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post #18 of 129 Old 06-01-2013, 01:15 PM
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Quote:
Originally Posted by ATWindsor View Post

What is "very"? SO much that projector contrast is unimportant? What kind of number can you expect?

Well, I'd say that if you're paying big bucks for a projector, which usually indicates a very high contrast ratio, you want to preserve that ratio as much as possible. But no matter the specs of the projector - light reflected on the screen is going to impact its performance.
Quote:
My point is that if there is very bright parts of the image, or eyes will perceive for instance dark greys as black, because its next to a powerful light.

To some degree, yes, but this is all about minimizing stray light, from sources other than the original projected image, from reaching the screen and therefore our eyes.
Quote:
But concering the reflected light, what percentage of the light going to the screen reflects to the wall and then back again to the screen?

13.65%.

biggrin.gif

You won't get a number, because there are too many variables. But if you read any thread here, you'll see the same basic advice. Darker walls are better, non-reflective surfaces around the screen (stuff closer to the front of the room is more important), light-absorbing frame around the screen itself to provide a higher (perceived, in some sense) contrast.

What you will not find is anyone that painted their room, or treated the area near the screen, to be less reflective saying "gosh, that turned out awful and I'm going back to white walls".
Quote:
I wouldn't say ambient light an reflected light is the same issue, they have a key difference, reflected light is less and less the darker the picture is, the effect is the smallest when its most important that it is small. That is why I am trying to find out how big/small this problem is.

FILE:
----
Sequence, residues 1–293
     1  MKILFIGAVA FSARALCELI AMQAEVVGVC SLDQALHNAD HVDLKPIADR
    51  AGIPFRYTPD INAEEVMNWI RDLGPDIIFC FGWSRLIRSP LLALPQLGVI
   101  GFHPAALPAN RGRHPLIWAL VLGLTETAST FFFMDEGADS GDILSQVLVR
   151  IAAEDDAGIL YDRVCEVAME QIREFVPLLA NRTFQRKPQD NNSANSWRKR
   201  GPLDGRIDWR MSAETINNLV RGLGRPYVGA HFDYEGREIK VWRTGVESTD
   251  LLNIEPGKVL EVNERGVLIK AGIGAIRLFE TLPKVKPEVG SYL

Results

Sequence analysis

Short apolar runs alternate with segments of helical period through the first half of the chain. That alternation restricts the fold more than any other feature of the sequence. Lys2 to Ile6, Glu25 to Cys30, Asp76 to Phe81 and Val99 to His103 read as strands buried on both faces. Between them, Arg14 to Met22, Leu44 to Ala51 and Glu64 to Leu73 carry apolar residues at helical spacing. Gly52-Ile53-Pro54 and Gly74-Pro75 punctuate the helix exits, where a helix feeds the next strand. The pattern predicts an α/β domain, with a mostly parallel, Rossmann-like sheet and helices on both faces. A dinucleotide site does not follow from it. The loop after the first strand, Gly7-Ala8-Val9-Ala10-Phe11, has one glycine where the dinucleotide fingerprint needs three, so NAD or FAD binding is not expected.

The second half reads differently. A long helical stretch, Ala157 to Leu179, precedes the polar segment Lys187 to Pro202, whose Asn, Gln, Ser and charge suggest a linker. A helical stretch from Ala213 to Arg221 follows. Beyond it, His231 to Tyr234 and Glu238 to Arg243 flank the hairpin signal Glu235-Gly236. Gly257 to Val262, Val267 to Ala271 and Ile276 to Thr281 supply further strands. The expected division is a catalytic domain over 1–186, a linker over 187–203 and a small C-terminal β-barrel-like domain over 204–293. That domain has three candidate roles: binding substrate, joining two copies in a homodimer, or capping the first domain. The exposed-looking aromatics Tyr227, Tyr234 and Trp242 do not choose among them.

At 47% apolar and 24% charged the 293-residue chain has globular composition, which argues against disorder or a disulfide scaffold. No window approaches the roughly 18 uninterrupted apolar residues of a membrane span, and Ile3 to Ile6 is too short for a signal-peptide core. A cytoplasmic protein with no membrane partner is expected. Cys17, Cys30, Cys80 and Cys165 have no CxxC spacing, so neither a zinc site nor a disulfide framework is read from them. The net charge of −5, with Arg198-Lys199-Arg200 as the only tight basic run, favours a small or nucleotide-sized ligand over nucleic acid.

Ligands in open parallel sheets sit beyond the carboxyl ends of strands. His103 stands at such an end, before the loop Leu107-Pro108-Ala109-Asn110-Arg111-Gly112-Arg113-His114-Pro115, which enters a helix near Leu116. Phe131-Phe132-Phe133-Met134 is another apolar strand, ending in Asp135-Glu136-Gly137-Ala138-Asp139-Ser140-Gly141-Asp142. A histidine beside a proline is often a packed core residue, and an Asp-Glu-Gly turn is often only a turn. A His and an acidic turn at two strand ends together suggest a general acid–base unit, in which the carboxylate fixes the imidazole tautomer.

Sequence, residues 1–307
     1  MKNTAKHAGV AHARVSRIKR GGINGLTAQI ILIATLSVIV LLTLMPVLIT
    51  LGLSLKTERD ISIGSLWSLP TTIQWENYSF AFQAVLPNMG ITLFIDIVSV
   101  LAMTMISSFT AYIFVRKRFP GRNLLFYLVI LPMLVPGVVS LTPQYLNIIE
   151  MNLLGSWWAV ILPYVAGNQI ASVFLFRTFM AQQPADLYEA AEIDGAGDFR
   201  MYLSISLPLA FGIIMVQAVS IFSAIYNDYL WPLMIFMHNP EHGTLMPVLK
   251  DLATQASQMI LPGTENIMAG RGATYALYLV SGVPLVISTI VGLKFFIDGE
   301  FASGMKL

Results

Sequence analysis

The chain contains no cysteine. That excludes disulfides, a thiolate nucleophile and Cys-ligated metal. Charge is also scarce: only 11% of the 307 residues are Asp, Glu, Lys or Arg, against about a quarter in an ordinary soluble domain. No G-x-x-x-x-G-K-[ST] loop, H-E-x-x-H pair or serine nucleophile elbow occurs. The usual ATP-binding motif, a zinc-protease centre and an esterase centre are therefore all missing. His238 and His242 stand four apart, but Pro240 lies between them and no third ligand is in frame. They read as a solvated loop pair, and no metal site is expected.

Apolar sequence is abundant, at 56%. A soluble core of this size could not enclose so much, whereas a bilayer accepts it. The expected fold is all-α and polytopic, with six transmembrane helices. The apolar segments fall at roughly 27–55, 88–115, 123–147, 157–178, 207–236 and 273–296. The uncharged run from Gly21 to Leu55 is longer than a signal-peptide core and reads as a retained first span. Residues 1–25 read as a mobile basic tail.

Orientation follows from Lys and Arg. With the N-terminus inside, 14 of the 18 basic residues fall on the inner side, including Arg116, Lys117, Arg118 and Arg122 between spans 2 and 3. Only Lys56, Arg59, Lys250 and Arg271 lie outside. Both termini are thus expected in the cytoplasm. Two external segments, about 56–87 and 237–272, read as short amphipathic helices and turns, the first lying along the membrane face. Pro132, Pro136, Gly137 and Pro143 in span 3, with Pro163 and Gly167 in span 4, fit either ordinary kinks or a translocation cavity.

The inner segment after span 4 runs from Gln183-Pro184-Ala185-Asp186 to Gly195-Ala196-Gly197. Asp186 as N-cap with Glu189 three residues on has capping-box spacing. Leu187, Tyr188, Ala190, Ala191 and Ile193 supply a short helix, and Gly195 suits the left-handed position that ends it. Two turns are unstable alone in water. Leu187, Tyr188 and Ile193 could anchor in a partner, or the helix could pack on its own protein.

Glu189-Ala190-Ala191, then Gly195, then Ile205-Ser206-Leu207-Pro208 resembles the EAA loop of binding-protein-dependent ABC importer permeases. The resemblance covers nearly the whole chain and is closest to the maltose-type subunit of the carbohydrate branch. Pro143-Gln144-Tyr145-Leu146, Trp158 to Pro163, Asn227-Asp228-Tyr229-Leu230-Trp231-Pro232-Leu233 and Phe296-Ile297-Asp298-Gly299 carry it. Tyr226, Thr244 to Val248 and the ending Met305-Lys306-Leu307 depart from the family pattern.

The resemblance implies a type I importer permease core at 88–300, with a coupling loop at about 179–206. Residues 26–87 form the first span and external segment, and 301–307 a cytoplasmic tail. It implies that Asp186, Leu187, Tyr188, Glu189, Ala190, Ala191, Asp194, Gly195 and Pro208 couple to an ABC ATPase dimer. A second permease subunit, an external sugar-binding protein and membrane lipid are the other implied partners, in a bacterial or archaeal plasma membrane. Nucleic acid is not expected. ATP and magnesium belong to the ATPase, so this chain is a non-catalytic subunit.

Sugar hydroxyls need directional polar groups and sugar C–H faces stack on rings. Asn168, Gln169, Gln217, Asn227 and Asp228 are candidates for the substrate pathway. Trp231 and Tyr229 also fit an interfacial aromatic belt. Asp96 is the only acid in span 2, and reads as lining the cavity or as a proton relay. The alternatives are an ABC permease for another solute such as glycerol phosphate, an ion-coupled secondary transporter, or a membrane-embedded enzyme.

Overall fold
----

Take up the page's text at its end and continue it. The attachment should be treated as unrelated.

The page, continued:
That wasn't the point. Any light hitting the screen other than the projected image is detrimental to the image quality. A candle as "ambient" light and the same amount of reflected light would do the same thing - which is why I made the comparison. Obviously an open window with sunlight streaming in is going to be a bigger light source. It was a point about the results, not the magnitude of the problem.

As to how big a problem it is - again, read any thread here where folks have painted / treated to reduce reflections, and you'll see no regrets.

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post #19 of 129 Old 06-01-2013, 01:48 PM - Thread Starter
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Quote:
Originally Posted by jautor View Post

Well, I'd say that if you're paying big bucks for a projector, which usually indicates a very high contrast ratio, you want to preserve that ratio as much as possible. But no matter the specs of the projector - light reflected on the screen is going to impact its performance.
To some degree, yes, but this is all about minimizing stray light, from sources other than the original projected image, from reaching the screen and therefore our eyes.
13.65%.

biggrin.gif

You won't get a number, because there are too many variables. But if you read any thread here, you'll see the same basic advice. Darker walls are better, non-reflective surfaces around the screen (stuff closer to the front of the room is more important), light-absorbing frame around the screen itself to provide a higher (perceived, in some sense) contrast.

What you will not find is anyone that painted their room, or treated the area near the screen, to be less reflective saying "gosh, that turned out awful and I'm going back to white walls".